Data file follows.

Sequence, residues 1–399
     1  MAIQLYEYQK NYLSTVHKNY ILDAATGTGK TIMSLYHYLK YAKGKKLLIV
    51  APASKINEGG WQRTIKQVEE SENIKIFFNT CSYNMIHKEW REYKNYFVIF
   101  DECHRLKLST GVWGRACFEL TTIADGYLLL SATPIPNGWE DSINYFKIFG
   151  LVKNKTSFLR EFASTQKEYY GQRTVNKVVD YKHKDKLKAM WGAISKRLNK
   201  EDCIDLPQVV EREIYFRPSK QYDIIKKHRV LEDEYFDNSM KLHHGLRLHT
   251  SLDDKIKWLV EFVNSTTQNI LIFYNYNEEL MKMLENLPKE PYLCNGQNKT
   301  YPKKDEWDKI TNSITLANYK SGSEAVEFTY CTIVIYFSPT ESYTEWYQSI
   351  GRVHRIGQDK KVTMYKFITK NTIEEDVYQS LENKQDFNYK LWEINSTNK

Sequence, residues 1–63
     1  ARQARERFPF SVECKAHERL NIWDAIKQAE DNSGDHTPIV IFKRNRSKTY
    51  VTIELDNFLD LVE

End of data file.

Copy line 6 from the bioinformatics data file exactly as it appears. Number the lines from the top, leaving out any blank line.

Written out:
   201  EDCIDLPQVV EREIYFRPSK QYDIIKKHRV LEDEYFDNSM KLHHGLRLHT